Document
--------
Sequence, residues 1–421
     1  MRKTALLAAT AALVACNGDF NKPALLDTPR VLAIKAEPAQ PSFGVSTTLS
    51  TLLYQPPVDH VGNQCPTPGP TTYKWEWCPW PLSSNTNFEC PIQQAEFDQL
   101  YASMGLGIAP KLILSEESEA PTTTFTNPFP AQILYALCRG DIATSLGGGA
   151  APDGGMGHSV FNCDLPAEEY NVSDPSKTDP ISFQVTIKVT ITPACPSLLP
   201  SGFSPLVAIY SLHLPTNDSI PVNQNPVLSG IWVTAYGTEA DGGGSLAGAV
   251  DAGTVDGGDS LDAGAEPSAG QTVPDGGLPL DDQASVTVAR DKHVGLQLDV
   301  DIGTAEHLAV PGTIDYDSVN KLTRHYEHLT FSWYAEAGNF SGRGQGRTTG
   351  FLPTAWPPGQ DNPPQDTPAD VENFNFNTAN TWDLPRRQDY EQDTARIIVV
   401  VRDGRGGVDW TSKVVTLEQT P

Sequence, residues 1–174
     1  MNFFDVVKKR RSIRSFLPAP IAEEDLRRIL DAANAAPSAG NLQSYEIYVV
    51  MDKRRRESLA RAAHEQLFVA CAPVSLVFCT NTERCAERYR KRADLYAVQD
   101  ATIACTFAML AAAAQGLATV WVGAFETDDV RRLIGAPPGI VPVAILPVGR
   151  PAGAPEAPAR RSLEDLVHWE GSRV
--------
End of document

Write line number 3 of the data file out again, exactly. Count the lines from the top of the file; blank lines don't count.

    51  TLLYQPPVDH VGNQCPTPGP TTYKWEWCPW PLSSNTNFEC PIQQAEFDQL